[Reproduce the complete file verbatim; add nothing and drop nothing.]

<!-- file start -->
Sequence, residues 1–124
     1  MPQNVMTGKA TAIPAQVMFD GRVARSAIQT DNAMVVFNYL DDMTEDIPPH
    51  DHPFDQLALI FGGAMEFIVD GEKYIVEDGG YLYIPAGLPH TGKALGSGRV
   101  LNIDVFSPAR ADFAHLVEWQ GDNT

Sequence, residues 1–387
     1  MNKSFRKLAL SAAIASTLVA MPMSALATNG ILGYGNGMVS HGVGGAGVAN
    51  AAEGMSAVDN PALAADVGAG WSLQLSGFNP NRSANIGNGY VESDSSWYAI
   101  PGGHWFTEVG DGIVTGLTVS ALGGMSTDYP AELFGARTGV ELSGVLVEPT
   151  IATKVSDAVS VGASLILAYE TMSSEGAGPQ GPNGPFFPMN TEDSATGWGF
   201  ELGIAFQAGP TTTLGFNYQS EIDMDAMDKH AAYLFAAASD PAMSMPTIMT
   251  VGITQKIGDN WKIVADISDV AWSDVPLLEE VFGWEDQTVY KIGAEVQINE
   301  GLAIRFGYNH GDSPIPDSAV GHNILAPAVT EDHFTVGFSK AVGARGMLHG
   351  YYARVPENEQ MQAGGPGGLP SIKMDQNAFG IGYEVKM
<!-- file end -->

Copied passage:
Sequence, residues 1–124
     1  MPQNVMTGKA TAIPAQVMFD GRVARSAIQT DNAMVVFNYL DDMTEDIPPH
    51  DHPFDQLALI FGGAMEFIVD GEKYIVEDGG YLYIPAGLPH TGKALGSGRV
   101  LNIDVFSPAR ADFAHLVEWQ GDNT

Sequence, residues 1–387
     1  MNKSFRKLAL SAAIASTLVA MPMSALATNG ILGYGNGMVS HGVGGAGVAN
    51  AAEGMSAVDN PALAADVGAG WSLQLSGFNP NRSANIGNGY VESDSSWYAI
   101  PGGHWFTEVG DGIVTGLTVS ALGGMSTDYP AELFGARTGV ELSGVLVEPT
   151  IATKVSDAVS VGASLILAYE TMSSEGAGPQ GPNGPFFPMN TEDSATGWGF
   201  ELGIAFQAGP TTTLGFNYQS EIDMDAMDKH AAYLFAAASD PAMSMPTIMT
   251  VGITQKIGDN WKIVADISDV AWSDVPLLEE VFGWEDQTVY KIGAEVQINE
   301  GLAIRFGYNH GDSPIPDSAV GHNILAPAVT EDHFTVGFSK AVGARGMLHG
   351  YYARVPENEQ MQAGGPGGLP SIKMDQNAFG IGYEVKM